Click on names of other civil parishes for list of townlands in each.
An adjacent registration district is Abbeyleix. Ballyroan is a civil parish in that district.
The website has a Townland Database and a Placename Search function with soundex but for names beginning with Bally you'd be there forever.

"Ballynorman" may have been a mishearing or a mis-spelling. Trying to imagine it being spoken, if it was from Irish, "nor" may have been na (of).

Some townlands had/have alternate names. Some townlands contain/ed sub-townlands. I was under the impression that a great-uncle of mine was frequently moving around a parish, judging by the different residences on his children's birth registrations. I now know that the different placenames were all the same place, the official name, the old name and the name of a sub-townland. 

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Offline shanreagh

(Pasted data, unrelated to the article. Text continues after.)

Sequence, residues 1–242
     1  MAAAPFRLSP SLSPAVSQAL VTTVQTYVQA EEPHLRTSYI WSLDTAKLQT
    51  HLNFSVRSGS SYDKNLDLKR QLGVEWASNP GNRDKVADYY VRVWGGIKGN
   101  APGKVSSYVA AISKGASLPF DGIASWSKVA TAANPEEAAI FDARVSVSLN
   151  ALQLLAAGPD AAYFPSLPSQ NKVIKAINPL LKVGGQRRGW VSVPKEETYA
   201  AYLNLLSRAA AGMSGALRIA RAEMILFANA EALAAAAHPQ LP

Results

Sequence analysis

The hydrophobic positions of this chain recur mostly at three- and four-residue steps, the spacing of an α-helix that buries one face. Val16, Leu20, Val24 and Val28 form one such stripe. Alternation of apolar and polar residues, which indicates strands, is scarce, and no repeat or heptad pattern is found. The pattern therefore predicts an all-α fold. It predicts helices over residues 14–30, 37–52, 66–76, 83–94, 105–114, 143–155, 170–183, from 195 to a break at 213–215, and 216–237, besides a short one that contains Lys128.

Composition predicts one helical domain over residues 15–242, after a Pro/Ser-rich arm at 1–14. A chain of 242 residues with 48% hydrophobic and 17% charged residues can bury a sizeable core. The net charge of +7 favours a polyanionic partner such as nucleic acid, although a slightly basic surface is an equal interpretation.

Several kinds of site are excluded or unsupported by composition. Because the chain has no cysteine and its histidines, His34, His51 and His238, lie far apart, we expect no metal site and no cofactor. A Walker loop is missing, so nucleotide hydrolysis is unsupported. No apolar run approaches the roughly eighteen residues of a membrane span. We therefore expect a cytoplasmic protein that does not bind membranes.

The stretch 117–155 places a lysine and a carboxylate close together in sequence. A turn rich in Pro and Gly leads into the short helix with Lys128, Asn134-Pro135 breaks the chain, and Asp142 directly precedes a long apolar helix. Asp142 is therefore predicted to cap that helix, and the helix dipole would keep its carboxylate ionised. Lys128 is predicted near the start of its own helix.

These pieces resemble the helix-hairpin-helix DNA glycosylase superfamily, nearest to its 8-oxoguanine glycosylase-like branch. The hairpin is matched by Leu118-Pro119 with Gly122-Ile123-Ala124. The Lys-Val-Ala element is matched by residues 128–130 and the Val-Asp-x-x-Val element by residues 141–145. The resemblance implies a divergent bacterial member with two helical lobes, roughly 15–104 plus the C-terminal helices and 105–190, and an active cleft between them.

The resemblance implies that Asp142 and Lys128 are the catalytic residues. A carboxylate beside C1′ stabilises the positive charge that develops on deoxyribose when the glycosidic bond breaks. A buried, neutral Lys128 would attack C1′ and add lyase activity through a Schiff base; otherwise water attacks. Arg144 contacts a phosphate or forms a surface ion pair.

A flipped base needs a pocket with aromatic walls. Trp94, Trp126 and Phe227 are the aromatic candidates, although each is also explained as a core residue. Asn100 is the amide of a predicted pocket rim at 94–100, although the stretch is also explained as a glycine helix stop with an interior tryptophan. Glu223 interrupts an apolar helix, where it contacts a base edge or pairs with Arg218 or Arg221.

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Re: DNA & STILL A BRICK WALL
« Reply #128 on: Friday 05 August 22 23:42 BST (UK) »
Deleted big mess with embedded quotes....see below.

Offline shanreagh

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Re: DNA & STILL A BRICK WALL
« Reply #129 on: Friday 05 August 22 23:49 BST (UK) »
Goodness Maidenstone what alot of work you have done! Thank you.

Perhaps a little bit more than conjecture as the names of the witnesses to the 1846 marriage were Thomas Hennessy, the name of the father of the Glen O Aherlow Hennessys and donor of the land where the grave yard and church were.  Another witness was Thady Hennessy. Thomas & Bridget Cleary Hennessy had a son called Timothy and Thady is Irish for Timothy.